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Communities looking to meet rental demand may be up against market forces

Paul Wilkinson

An extremely tight rental housing market in the Grand Traverse area is a big problem that’s getting worse.

Landlords report receiving 30 or more applications for a single rental unit and scams are popping up on Craigslist to take advantage of desperate renters.

The issue has local leaders searching for solutions.

A possible solution in Suttons Bay

In Suttons Bay – a picturesque community along M-22 dotted with farms, cherry orchards and wineries – school enrollment numbers have been declining for years, along with its population of younger folks and working families. The township planning commission has noticed the trend and is taking steps to try to reverse it.

Tom Nixon is chair of the commission. He said commissioners have concluded that the main problem is a lack of affordable housing options.

“We’ve seen it in our county and township for years,” said Nixon. “We’ve had conversations with people and nothing is happening. It just seemed at this point … this might be the time that we do something to encourage that first step.”

That “something” is a loosening of zoning restrictions on multi-family housing. That means it would be easier to build duplexes or apartment buildings near the village of Suttons Bay. Earlier this month, commissioners voted unanimously to send their proposal up to the Township Board.

Kim Pontius, director of the Traverse Area Association of Realtors, thinks it’s an idea whose time has come.

“There are a lot of people who would like to live (in Suttons Bay) but they can’t because of the property values,” said Pontius. “Is it the best way to approach it? I don’t know but at least they’re doing something.”

Pontius said not everyone is as welcoming to multi-family rental housing as the Suttons Bay Township Planning Commission.

'Not in my backyard'

In Traverse City last year, the city commission made a move to allow for residents to build “granny flats” above their garages. But the rule was only approved for one neighborhood and it proved to be a contentious issue among the neighbors.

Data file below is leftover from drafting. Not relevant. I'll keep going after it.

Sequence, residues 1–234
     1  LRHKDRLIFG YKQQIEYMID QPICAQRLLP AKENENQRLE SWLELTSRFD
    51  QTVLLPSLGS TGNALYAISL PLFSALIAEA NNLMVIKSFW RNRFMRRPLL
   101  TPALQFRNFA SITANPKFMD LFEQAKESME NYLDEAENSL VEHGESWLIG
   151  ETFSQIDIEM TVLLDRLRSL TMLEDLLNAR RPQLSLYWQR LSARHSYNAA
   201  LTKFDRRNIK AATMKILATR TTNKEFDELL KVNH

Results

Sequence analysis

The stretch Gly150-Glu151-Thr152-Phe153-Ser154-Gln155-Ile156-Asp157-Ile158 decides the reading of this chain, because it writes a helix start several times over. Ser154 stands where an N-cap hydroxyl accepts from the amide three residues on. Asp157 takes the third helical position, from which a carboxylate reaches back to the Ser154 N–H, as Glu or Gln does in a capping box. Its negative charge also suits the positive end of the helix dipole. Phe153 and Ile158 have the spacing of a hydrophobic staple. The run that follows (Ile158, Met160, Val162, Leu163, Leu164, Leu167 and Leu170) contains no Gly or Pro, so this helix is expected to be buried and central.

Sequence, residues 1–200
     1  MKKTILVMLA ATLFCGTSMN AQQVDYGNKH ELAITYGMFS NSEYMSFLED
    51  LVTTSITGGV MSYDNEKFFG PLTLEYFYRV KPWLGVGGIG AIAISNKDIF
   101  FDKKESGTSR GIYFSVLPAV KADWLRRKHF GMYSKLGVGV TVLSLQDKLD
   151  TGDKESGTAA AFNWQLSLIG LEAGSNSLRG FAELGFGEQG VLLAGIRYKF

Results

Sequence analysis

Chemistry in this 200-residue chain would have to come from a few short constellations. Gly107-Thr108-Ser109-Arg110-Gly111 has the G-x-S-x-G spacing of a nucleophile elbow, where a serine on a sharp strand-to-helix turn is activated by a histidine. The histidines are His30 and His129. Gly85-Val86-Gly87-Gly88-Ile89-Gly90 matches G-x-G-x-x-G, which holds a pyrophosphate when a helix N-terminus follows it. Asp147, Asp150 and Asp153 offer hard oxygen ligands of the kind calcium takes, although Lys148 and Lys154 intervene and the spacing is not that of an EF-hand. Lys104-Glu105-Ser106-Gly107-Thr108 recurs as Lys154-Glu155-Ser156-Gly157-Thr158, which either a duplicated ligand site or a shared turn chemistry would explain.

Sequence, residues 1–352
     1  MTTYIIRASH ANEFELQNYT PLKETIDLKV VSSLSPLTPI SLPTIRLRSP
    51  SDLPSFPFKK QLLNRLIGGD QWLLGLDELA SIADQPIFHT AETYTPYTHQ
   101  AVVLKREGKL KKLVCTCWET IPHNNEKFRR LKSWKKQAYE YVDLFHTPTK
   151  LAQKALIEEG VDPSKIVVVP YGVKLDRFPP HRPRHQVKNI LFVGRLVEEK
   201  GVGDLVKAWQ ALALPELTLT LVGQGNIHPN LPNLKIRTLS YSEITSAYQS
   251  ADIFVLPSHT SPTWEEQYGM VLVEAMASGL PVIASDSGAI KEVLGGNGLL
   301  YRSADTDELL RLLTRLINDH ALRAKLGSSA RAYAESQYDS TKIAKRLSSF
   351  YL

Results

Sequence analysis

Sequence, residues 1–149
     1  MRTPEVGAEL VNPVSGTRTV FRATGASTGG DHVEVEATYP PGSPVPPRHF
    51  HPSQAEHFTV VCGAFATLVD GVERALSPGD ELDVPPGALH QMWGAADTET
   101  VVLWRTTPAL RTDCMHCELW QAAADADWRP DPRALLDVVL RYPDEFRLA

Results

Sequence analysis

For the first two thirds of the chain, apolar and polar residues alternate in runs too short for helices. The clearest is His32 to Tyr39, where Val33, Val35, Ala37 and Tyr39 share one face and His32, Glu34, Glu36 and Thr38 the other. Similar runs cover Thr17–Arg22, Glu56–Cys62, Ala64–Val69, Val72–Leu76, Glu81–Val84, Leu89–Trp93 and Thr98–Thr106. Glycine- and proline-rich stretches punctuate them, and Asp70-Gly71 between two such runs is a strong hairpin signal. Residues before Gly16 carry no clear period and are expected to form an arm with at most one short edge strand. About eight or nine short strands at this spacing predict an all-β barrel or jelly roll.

Pontius said some neighborhoods adopt a “not in my backyard” attitude when multi-family housing is proposed in their area.

“The bottom line is that … when you live in an urban environment, you have to understand that there’s going to be mixed development and mixed use,” he said. “And I think that mix … is good for the community. It keeps the community strong (and) it keeps kids in our schools.”

Market forces at work

No matter what government does to spur development of affordable, higher-density housing, it might not matter much if the numbers don’t pencil out for builders.

“It’s quite simple … it’s the market,” said Ted Lockwood, a local builder who’s working on a high-density project near Munson Medical Center in Traverse City.

The 18 new units Lockwood is building will be higher-end condos and not rentals – and most of them have already sold even though they’re still under construction.

That’s just how hot the market is right now, said Lockwood.

“There are a lot of new projects on the books … that are starting up all over the place, both commercial and residential,” he said. “But I haven’t heard about a lot of apartment buildings.”

Lockwood said it’s a lot easier to get banks to finance a high-end condo project than it is to sell them on a rental duplex or an apartment building.

Pontius said affordable rentals are key to the long-term health of the Grand Traverse area. Without them, it’ll be impossible to continue to attract young families, workers and retirees.